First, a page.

Lisa Ling stated that when they left the United States, her sister and Lee never intended to cross into North Korea. She has also revealed that her sister requires medical treatment for an ulcer from which she is currently suffering.[24]

Ling was pardoned along with Euna Lee, and they have both returned to the United States following an unannounced visit to North Korea by former US President Bill Clinton on August 4, 2009.[9][25] Some human rights activists in South Korea have accused Lee and Ling of needlessly placing North Korean refugees in danger by not being more careful with their tapes and notebooks in the event they were apprehended.[26]

In 2010, Ling co-wrote a memoir, Somewhere Inside: One Sister’s Captivity in North Korea and the Other’s Fight to Bring Her Home, with her sister Lisa, based on her experiences in North Korea.

Personal life

On June 3, 2010, Ling gave birth to a girl, naming her Li Jefferson Clayton, in Burbank, California. Laura and her husband decided to name the baby Li, after Laura's sister Lisa, and chose Jefferson as a middle name as a tribute to former President William Jefferson "Bill" Clinton.[27]

See also

Published works

  • Ling, Laura; Ling, Lisa (2010). Somewhere Inside: One Sister's Captivity in North Korea and the Other's Fight to Bring Her Home. William Morrow.  

References

  1. ^ McKinley, Jesse. "Two Paths, Same Fate for Reporters Facing Prison", The New York Times, June 9, 2009. Accessed June 11, 2009. ‘In a June 1 interview on CNN’s “Larry King Live,” Ms. Ling’s husband, Iain Clayton, read a letter from his wife.’
  2. ^ Date of birth found on the California Birth Index 1905-1995, under LING, LAURA G.
  3. ^ "'"Laura Ling's Father: 'I Worry Quite A Bit. KCRA-TV. 2009-03-19. Retrieved 2009-06-11. 
  4. ^ Fillo, MaryEllen (2013-03-22). "Laura Ling - Journalist, Author and Documentary TV Host | Hartford Magazine". Hartfordmag.com. Retrieved 2013-10-04. 
  5. ^ Stelter, Brian (2010-10-11). "MEDIA DECODER - New Host for 'E! Investigates' - Web Log - NYTimes.com". New York Times. Retrieved 2013-10-04. 
  6. ^ Bloom, David (November 12, 2014). "Laura Ling Joins Discovery Digital Networks As Director of Development". Deadline.com. Retrieved November 20, 2014. 
  7. ^ "Award-Winning Journalist Laura Ling Joins Discovery Digital Networks". Webwire.com. November 12, 2014. Retrieved November 20, 2014.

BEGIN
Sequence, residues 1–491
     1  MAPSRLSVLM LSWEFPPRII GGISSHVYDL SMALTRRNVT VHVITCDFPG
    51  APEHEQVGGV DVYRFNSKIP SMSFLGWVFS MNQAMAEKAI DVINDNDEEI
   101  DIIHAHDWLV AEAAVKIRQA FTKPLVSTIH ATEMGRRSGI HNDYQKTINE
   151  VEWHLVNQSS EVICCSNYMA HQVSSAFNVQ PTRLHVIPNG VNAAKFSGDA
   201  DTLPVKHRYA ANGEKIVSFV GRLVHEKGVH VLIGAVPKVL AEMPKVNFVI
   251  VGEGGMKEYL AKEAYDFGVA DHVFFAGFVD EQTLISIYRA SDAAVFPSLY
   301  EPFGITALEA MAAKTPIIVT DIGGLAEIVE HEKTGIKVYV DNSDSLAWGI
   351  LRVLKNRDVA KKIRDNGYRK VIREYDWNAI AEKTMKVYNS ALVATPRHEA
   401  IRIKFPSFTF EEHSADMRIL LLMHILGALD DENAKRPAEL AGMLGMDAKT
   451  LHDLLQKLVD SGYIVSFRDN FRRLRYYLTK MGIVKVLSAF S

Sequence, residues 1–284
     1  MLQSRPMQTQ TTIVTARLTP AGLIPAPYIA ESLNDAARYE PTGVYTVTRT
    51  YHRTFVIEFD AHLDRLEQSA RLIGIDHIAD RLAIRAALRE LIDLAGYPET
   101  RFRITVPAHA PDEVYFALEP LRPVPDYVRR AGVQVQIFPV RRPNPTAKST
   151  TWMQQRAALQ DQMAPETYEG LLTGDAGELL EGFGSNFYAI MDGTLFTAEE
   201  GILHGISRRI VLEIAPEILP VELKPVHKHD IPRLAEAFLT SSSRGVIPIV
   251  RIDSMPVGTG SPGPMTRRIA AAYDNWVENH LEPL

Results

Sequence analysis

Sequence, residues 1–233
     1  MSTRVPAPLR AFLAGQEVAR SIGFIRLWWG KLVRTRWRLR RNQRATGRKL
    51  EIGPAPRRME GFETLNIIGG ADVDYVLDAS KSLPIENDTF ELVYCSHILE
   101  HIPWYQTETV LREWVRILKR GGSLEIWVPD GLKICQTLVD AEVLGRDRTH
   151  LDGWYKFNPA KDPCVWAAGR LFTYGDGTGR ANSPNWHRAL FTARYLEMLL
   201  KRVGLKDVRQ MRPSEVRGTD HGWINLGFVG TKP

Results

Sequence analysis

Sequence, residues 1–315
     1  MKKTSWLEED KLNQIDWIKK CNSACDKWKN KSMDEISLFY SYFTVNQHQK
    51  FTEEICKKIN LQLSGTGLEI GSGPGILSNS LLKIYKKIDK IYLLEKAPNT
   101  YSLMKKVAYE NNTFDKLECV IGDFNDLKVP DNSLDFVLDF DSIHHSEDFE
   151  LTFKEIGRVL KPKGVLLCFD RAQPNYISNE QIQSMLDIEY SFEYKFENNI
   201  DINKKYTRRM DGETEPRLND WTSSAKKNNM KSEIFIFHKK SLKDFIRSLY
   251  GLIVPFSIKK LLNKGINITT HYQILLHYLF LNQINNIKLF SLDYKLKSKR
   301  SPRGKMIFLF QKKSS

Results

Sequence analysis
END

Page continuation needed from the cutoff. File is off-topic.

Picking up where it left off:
8. ^ "North Korea pardons US reporters". BBC News. 2009-08-04. Retrieved 2009-08-04. 
  9. ^ a b "N. Korean leader reportedly pardons U.S. journalists". CNN. 4 August 2009. Retrieved 5 August 2009. 
  10. ^ a b c Churcher, Sharon; Graham, Caroline (2009-08-10), "In peril in Pyongyang? How jailed female journalists were in greater danger sharing a plane with Bill Clinton", The Mail on Sunday, retrieved 2009-08-20 
  11. ^ Castaneda, Erin (2008-04-04), "Journalist (Lisa) Ling shares her own story", Lawrence Journal-World, retrieved 2009-08-20 
  12. ^ Taub, Daniel (2009-08-06), "Journalists arrive in U.S. following imprisonment", Bloomberg News, retrieved 2009-08-07 
  13. ^ McKinley, Jesse (2009-06-10), "Two Paths, Same Fate for Reporters Facing Prison", The New York Times, retrieved 2009-08-20 
  14. ^ a b Abdulrahim, Raja; Garrison, Jessica (2009-06-11), "Friends speak up for L.A. journalists held by N. Korea", Los Angeles Times, retrieved 2009-08-20 
  15. ^ [1]
  16. ^ Catlin, Roger (2009-06-09), "The Dangerous Places of Laura Ling", The Hartford Courant, retrieved 2009-08-20 
  17. ^ "Laura Ling to Host New E! Show". TVGuide.com. Retrieved October 11, 2010. 
  18. ^ "WINNERS OF THE 66th LOS ANGELES AREA EMMY® AWARDS ANNOUNCED". Television Academy. July 26, 2014. Retrieved September 27, 2014. 
  19. ^ Michael Y. Park (2009-03-23). "Lisa Ling's Sister Arrested in North Korea".  
  20. ^ "Reporters get 12-year terms in N. Korea", CNN, June 8, 2009
  21. ^ "North Korea jails US journalists".  
  22. ^ [2]
  23. ^ "U.S. Fighting North Korea Labor Camp Sentence for Laura Ling, Euna Lee", by KATIE BOSLAND, SARAH NETTER and KATIE HINMAN, ABC News, June 8, 2009
  24. ^ Huffington Post, 2009-06-08 
  25. ^ "North Korea: 2 US journalists pardoned". Associated Press. 4 August 2009. Retrieved 5 August 2009. 
  26. ^ Choe, Sang-hun (2009-08-22), "In South Korea, Freed U.S. Journalists Come Under Harsh Criticism", The New York Times, retrieved 2009-08-24 
  27. ^ Wang, Cynthia (2010-06-03), "Laura Ling names new baby for her sister, Bill Clinton", CNN, retrieved 2010-06-04 

External links

  • Laura Ling reunite with family
  • Laura Ling's reports on Current network